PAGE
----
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After letting one get away, Kings get another chance

This is when great players separate themselves from the merely good ones and reputations are forged.

The Kings were a few minutes from taking a 3-1 series lead over the Canucks Wednesday and positioning themselves to clinch a ticket to the second round Friday in Vancouver. Instead, they were left to wonder if the opportunity they squandered will be their last chance to impose their will.

Vancouver’s sensational Sedin twins, Henrik and Daniel, took their game to an untouchable level against the suddenly flustered Kings. Their combined five points in the final period — and Coach Alain Vigneault’s decision to put shooter Mikael Samuelsson alongside them in place of digger Alex Burrows — was key in the 6-4 victory that tied the series at 2-2. A start time for Game 6, to be played Sunday at Staples Center, will be announced Friday.

That could be the Kings’ finale because of the chance they let slip from their flailing hands. They know it.

“It’s definitely tough to swallow, especially the way we played the first two periods,” Anze Kopitar said Thursday.

“We just gave them more life and they took advantage of it.”

There’s no guarantee that the Canucks, still suspect on defense, will make the most of this. But Samuelsson has at least one goal in every game and five overall, the Sedins have new fire and goaltender Roberto Luongo, flopping more than a beached flounder, made some crucial saves.

At GM Place the Canucks will be physical. They will have the last line change to get the Sedins away from the Brad Richardson- Michal Handzus- Fredrik Modin line or the shutdown defense pair of Rob Scuderi and Drew Doughty. Kings Coach Terry Murray said he will try to keep Handzus’ line against the Sedins but is comfortable with the Ryan Smyth-Kopitar-Wayne Simmonds line, which was badly positioned and caught in the offensive zone on Henrik Sedin’s game-winner at 17:08 of the final period.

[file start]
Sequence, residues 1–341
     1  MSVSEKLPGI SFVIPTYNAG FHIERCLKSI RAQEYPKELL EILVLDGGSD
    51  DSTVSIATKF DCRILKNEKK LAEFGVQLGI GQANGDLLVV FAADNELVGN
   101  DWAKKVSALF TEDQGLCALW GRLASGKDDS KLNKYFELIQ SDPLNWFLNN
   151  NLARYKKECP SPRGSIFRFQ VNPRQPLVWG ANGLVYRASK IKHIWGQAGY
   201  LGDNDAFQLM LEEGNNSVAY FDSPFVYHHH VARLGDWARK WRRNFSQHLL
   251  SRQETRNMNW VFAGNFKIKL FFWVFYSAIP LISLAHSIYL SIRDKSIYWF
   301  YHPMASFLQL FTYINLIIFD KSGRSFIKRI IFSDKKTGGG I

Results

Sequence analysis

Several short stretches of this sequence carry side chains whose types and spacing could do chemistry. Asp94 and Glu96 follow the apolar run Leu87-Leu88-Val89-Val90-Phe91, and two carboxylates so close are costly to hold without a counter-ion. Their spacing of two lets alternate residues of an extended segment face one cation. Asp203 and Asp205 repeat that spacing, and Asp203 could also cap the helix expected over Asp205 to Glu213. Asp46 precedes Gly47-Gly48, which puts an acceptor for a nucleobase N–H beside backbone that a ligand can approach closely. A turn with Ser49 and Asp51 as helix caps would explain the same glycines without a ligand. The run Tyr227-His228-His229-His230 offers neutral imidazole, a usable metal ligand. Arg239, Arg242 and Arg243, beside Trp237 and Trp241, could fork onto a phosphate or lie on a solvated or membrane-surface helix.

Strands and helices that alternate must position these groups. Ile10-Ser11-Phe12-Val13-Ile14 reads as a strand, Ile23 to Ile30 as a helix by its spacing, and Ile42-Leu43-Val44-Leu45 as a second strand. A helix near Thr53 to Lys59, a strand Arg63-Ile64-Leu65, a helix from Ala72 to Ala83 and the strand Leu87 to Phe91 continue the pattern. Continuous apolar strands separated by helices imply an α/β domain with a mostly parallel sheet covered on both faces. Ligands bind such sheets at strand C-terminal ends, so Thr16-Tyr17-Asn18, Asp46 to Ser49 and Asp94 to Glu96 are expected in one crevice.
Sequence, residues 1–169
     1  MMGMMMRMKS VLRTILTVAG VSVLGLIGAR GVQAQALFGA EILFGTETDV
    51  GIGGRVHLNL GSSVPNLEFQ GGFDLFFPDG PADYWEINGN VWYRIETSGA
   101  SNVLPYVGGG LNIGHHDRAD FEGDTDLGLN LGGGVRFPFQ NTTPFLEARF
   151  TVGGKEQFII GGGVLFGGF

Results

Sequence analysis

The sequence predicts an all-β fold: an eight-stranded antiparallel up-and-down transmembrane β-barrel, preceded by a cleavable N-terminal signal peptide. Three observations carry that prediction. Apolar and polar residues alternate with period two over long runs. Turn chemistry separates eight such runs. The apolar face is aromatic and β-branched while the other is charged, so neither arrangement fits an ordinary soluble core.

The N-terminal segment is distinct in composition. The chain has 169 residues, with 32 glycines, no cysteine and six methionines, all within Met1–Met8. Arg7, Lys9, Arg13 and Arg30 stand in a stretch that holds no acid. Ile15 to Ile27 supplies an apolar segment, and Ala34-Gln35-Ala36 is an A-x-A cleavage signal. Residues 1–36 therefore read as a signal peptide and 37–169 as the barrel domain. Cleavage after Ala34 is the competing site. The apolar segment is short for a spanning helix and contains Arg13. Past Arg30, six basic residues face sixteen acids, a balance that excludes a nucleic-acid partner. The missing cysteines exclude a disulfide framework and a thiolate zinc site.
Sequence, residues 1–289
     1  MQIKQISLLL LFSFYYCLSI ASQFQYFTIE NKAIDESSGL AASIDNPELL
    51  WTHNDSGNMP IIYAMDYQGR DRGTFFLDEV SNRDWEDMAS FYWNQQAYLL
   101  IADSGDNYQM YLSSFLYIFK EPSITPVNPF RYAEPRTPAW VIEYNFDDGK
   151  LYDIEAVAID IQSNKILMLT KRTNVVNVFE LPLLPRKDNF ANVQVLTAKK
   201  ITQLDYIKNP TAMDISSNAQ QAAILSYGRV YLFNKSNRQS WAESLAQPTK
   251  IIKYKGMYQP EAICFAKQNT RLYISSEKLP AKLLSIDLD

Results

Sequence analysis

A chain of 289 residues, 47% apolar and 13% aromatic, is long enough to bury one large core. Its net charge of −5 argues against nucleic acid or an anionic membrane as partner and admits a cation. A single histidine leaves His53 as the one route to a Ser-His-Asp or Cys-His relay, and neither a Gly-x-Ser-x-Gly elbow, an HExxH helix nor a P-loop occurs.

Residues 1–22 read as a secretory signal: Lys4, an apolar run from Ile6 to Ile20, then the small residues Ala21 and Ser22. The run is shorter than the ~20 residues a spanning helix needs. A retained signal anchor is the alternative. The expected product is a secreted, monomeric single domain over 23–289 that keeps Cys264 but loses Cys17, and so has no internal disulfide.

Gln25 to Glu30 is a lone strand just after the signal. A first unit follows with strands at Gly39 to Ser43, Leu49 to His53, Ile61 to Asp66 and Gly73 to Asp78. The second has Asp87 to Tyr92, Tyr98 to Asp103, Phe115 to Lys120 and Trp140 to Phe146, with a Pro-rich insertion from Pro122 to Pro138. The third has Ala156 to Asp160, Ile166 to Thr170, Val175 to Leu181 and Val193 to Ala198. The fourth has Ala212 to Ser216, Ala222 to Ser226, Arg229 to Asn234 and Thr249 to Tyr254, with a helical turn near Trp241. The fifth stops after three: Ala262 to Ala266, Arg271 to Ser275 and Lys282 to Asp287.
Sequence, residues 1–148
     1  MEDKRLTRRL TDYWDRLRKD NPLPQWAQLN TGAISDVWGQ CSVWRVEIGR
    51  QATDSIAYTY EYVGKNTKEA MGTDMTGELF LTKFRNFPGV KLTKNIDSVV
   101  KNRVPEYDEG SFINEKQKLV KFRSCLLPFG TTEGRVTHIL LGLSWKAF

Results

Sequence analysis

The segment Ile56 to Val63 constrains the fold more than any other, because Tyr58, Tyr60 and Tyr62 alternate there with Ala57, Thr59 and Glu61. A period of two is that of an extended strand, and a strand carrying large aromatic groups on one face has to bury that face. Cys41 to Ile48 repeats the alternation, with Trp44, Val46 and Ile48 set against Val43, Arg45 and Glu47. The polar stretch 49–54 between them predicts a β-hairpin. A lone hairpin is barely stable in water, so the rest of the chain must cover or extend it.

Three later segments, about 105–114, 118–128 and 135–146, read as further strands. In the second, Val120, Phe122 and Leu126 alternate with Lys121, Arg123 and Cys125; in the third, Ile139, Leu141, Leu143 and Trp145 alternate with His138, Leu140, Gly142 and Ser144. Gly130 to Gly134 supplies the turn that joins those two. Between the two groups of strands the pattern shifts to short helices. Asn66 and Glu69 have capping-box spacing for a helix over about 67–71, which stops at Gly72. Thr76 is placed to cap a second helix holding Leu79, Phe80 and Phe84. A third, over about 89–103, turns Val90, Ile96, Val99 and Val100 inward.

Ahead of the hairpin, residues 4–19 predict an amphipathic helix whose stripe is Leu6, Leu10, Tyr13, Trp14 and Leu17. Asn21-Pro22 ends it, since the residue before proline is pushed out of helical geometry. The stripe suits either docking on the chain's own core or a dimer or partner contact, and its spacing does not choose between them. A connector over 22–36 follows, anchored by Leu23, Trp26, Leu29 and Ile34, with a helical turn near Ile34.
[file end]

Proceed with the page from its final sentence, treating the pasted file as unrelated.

“It is a missed opportunity. It is a hockey game you end up losing. You have a 3-2 lead going into the final period and battle hard to get back after giving up a couple to tie things up,” said Murray, who plans to keep his defense intact but might restore Justin Williams to the lineup.

“I guess you’re going to go through those kinds of situations as a hockey club. The most important thing we take out of this one now is being able to get ready to play another game in Vancouver. We’ve got to win a game up there again to get the job done. So to rebound is most important.”

To aid their physical recovery Murray gave players a day off the ice. How they heal emotionally might be more crucial.

Murray said he made a point immediately after the game to tell players they had done many good things, but they hadn’t yet put that loss behind them.

Finding a steady emotional level this time of year isn’t easy. “Especially with a young group of guys. You could really sense that when I walked into the locker room. It was a very difficult one to deal with,” Murray said.

“But again, as a team you’ve got to go through it together. Veteran players need to step up here and say a few things. They’ve all been through battles before, and it’s an important time for them to be a part of it.”

Smyth, one of those veterans and leaders, saw the lost chance. “It comes down to when you get your opportunities you’ve got to bury them,” he said.

But he also saw reason to believe the Kings can find the right emotional balance to give themselves a chance Friday.

“This is what playoffs is all about. You ride a big wave. At times you go through the ups and downs but you can’t ride them too high or too low,” he said.

“We’ve got a great team here. We’ve got older guys that can settle things down and we’ve got some young guys that have energy. And you want to create things to another level and I think we’ll handle it really well.”

This is one chance they can’t let slip away.

helene.elliott@latimes.com

twitter.com/helenenothelen


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